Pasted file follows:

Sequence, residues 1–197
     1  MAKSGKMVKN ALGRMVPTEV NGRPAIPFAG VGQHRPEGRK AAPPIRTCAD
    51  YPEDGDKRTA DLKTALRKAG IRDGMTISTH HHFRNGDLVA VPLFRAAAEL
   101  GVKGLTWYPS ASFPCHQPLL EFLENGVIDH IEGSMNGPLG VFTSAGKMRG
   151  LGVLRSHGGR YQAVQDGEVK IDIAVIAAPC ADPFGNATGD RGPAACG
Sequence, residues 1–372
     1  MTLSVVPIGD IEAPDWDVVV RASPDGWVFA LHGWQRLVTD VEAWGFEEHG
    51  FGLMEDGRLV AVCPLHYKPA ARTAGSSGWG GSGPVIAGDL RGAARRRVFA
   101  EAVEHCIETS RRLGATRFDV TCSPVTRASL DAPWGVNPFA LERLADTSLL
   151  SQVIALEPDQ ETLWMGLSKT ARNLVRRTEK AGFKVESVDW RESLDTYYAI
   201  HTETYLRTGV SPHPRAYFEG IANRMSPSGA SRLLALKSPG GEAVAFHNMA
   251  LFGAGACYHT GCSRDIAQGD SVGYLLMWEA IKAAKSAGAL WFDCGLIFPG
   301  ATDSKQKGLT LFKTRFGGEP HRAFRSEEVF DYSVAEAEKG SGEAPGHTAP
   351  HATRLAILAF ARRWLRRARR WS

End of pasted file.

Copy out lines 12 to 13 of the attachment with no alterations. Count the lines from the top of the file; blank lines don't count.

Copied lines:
   251  LFGAGACYHT GCSRDIAQGD SVGYLLMWEA IKAAKSAGAL WFDCGLIFPG
   301  ATDSKQKGLT LFKTRFGGEP HRAFRSEEVF DYSVAEAEKG SGEAPGHTAP